Investigators working in conjunction with War On Want and the Observer newspaper have found that factories in Bangladesh supplying Adidas, Nike and Puma ignore mimimum wage requirements, force workers into crippling 80-hour weeks, and attack and humiliate workers who stand up for their legal rights.
The stories are horrific, and make a mockery of the sustainable, ethical stand that these companies have made to their consumer base. The factories are largely staffed by women, many of whom have reported abuse and assault from line-bosses and supervisors, including denial of toilet breaks. Many have been forced to strip, slapped, kicked and verbally abused. All this for wages that are nowhere near the 94p a day minimum wage. On average, workers are getting 16p an hour, or 72p a day.
The reasons are pretty obvious. Adidas is the official outfitter of the UK Olympic team. Nike and Puma sponsor 30 national teams between them, including the US, China, and Usain Bolt's Jamaica. The companies stand to make massive profits over and above the billions they make every year. Adidas alone plan to sell £100 million of Olympic-branded sportswear. War On Want's campaign and policy drector Greg Muttitt says:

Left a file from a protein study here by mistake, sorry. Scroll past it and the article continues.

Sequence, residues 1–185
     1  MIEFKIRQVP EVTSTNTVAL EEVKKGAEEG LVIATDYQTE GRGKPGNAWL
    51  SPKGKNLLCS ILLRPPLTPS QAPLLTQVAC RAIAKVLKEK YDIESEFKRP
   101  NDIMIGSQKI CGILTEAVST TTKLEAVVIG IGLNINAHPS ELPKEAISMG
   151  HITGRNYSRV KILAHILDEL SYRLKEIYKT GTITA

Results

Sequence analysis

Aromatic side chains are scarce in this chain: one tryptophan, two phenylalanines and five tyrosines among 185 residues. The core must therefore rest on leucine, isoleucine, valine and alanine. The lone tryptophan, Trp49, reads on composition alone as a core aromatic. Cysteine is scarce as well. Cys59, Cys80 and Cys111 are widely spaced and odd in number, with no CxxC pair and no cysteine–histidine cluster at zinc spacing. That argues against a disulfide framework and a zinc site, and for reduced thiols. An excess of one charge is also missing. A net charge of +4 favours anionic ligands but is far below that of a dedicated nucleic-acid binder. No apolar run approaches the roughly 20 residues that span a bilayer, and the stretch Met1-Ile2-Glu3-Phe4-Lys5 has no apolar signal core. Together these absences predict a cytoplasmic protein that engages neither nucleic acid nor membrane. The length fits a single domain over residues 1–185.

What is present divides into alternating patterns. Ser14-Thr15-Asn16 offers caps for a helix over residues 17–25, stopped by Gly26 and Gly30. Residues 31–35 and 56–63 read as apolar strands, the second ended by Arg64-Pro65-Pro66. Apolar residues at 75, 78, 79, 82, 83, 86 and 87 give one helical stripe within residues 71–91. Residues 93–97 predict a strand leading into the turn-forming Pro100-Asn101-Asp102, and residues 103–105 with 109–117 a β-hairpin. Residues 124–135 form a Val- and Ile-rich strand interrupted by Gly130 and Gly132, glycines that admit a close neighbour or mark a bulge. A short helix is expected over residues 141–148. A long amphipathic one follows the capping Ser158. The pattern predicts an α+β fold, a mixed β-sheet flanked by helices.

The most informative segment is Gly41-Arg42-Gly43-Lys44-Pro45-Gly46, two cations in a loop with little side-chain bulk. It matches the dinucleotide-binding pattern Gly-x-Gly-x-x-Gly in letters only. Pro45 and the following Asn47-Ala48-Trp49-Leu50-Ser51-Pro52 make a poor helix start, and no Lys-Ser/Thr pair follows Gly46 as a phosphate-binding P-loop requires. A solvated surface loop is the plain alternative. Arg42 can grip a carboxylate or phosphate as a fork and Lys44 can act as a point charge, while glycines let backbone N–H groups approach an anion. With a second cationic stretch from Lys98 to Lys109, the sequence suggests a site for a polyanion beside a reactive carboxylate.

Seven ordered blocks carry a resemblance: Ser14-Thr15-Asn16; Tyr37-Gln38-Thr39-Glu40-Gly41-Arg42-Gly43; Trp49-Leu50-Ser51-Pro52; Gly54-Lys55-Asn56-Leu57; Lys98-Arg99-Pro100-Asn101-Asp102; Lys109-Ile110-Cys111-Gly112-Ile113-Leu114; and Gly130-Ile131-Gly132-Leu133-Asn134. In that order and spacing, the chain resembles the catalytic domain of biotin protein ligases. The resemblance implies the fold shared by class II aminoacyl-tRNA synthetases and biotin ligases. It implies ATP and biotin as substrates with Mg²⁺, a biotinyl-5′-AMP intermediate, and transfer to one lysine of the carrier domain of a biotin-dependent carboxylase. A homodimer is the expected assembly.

"Companies such as Adidas, Nike and Puma make huge profits from this abuse, while soiling the Olympic flag in which they wrap themselves. Let's focus on what's great about the Olympics and end the corporate free-for-all. If companies want to benefit by sponsoring teams, athletes and the Games themselves, they must ensure their workers are treated with respect."All three companies are scurrying to launch investigations into the abuses, claiming that they have been exaggerated and that all their suppliers conform to stringent checks and regular audits. A spokeswoman for Adidas says:
"We are working closely with Nike and Puma to coordinate efforts and to respond to War on Want's report."I'll bet they are.
You can read the War On Want report, entitled Race To The Bottom, on their website. Required reading today, I think.